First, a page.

May 12, 2023

Greetings again from the darkness. With his Oscar winning AN INCONVENIENT TRUTH (2006), and follow-ups including WAITING FOR SUPERMAN (2010) and HE NAMED ME MALALA (2015), Davis Guggenheim has proven to be one of the most important and effective documentarians working today. With his latest, he adds a creative touch that blends well with the emotional and personal aspects of this Michael J Fox biography.

Most everyone recognizes Michael J Fox as the popular actor from the BACK TO THE FUTURE franchise and/or his enormously successful TV series, “Family Ties” and “Spin City”. Along the way, there were numerous other films and appearances, and at one point in the 1980’s, he was likely the most recognized actor on the planet thanks to his box office winning movies, highly-rated TV series, countless magazine covers, and regular Talk Show appearances. On top of all that, in 1988, he married the love of his life, actress Tracy Pollan. He truly had it all.

A trembling pinkie signaled a life-changing event for Fox. At age 29, he was diagnosed with Parkinson’s Disease … a disease that typically strikes elderly folks, not otherwise healthy young adults in their physical prime years. For years, he was able to hide his symptoms by timing his medication and disguising his left-hand trembles – either by holding an item or keeping the hand stuffed in his pocket.

The creative parts of Guggenheim’s film are that he eschews traditional talking heads – and rest assured, there would be a stream of celebrities willing to talk about Fox – and the use of cool editing by cutting in clips of Fox’s acting roles into the stories as Fox tells them. That’s right … as Michael J Fox tells his own story. He is his own talking head in this film, and it works brilliantly to allow him to show us his sense of humor remains intact, and that he has learned to deal with the obstacles this disease throws at him. We even see his struggle to get toothpaste on his toothbrush. Yet none of this is designed to elicit sympathy for Fox. Oh no, he will have none of that.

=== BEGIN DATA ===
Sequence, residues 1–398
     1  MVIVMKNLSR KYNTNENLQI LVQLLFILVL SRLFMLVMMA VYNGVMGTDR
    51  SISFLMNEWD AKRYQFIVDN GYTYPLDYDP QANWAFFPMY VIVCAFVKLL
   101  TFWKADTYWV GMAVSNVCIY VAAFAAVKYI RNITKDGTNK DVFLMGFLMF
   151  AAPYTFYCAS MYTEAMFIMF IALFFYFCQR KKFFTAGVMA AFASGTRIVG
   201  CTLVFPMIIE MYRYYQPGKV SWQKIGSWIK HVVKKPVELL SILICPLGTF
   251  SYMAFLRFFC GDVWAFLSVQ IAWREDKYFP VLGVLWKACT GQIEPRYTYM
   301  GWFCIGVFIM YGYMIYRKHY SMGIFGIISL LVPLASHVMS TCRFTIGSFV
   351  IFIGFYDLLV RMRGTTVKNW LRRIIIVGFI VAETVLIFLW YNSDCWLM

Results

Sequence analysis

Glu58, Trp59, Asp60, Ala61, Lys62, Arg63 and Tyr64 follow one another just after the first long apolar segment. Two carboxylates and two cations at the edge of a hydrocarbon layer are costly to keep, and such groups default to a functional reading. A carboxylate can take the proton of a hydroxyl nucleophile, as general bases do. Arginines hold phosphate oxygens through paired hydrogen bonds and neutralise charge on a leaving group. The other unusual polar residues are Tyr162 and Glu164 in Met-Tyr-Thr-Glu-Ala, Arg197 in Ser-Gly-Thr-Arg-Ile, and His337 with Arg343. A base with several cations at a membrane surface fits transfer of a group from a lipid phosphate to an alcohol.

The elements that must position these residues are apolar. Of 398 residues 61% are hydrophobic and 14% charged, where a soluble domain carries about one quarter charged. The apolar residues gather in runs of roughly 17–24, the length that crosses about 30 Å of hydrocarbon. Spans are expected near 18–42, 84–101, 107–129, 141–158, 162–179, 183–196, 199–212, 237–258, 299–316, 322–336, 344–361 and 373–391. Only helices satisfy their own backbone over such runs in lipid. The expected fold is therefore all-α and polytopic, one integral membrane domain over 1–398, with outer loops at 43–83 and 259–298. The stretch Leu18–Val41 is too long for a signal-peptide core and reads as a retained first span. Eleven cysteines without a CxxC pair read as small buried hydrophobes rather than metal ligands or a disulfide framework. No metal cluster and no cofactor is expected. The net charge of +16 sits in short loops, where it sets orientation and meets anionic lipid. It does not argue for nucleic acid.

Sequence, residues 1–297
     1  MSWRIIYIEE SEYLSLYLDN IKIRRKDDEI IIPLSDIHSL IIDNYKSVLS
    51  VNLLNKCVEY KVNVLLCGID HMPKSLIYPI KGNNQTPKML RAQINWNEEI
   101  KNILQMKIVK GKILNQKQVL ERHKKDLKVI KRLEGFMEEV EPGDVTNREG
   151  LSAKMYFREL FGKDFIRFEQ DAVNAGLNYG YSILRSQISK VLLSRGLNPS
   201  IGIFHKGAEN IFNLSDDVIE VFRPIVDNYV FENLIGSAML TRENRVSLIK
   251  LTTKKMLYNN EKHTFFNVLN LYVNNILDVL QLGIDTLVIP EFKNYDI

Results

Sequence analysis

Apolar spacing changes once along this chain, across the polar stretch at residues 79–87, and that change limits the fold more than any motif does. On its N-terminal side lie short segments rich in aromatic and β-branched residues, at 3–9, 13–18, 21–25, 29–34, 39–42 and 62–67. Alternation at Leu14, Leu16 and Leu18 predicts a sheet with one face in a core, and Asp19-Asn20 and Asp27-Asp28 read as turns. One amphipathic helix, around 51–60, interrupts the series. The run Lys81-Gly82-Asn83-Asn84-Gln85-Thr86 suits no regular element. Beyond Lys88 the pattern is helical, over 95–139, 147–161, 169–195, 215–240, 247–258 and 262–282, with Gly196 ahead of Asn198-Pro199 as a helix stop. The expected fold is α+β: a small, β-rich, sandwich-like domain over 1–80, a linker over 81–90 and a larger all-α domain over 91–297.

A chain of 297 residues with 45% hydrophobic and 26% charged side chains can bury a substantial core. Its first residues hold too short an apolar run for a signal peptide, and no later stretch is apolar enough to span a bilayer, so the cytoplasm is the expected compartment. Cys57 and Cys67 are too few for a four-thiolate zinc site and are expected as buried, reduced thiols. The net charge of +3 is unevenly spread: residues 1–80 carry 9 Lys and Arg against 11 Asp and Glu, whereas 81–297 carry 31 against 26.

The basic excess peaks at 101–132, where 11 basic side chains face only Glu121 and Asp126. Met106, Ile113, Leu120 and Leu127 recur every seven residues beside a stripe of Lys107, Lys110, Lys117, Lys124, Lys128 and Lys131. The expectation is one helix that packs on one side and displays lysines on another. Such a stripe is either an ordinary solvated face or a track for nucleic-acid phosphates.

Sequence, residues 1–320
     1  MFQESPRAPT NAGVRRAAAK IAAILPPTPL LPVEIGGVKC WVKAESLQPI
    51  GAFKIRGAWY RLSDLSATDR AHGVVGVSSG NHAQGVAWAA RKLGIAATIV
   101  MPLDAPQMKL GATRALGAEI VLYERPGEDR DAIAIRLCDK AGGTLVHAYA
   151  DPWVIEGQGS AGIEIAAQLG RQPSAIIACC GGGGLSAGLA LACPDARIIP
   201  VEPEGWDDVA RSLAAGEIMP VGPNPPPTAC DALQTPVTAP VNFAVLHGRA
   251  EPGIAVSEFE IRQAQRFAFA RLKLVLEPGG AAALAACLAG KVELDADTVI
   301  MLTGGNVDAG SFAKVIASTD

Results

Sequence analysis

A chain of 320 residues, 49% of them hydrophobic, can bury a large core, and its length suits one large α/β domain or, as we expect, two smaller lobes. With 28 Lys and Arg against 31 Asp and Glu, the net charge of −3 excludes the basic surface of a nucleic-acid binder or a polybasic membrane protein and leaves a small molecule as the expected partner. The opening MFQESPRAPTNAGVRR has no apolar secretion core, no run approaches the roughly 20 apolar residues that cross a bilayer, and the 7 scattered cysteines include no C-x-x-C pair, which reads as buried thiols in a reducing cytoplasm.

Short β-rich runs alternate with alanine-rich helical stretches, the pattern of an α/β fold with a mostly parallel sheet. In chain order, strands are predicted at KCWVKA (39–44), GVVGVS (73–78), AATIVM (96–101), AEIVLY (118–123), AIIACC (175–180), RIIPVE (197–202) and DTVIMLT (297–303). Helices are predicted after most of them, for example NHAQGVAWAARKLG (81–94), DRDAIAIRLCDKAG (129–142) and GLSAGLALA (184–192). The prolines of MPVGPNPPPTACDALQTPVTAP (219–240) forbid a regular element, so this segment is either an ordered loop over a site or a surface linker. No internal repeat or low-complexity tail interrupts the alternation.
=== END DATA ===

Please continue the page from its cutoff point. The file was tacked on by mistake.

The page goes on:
We learn his patented perpetual movement dates back to childhood, and are reminded that he was often seen sprinting or moving quickly in his roles … movements he can no longer execute. In fact, his falls are often brutal, sometimes resulting in broken bones and a broken face (pins in his hand and eye socket). Michael J Fox is a 5-time Emmy winner who has been married to Tracy for 35 years. They share four kids and the obstacles created by Parkinson’s. Guggenheim includes a wonderful story regarding a lunch box and Brandon Tartikoff, the wunderkind President of NBC who initially was opposed to Fox being cast in “Family Ties”. The presentation of Fox’s workaholic nature is on full display during the sequence on his simultaneously filming “Family Ties” and BACK TO THE FUTURE.

Michael J Fox telling us his own story makes this so personal. He admits to “waiting for the bus” … a phrase he copped to describe waiting for the dopamine meds to kick in. He is one of the very few to live more than half their life with Parkinson’s Disease, and his sharing the obstacles for all to see is commendable, even if he forbids us from pity.

Opens May 12, 2023


HE NAMED ME MALALA (doc, 2015)

October 7, 2015

malala Greetings again from the darkness. One would be hard-pressed to name anyone currently on the planet who is more deserving of having her story told than Malala Yousafzai. In case you don’t recognize the name, Malala is the teenage girl who was shot in the head by the Taliban for speaking out in favor of education for Pakistani girls.

Unlike her namesake in the legendary story told to open the film, this Malala somehow survived the gunshot and has continued her mission of spreading the importance of education throughout the globe. Her efforts resulted in her being named the Nobel Peace Prize winner in 2014. This girl is extraordinary and inspiring.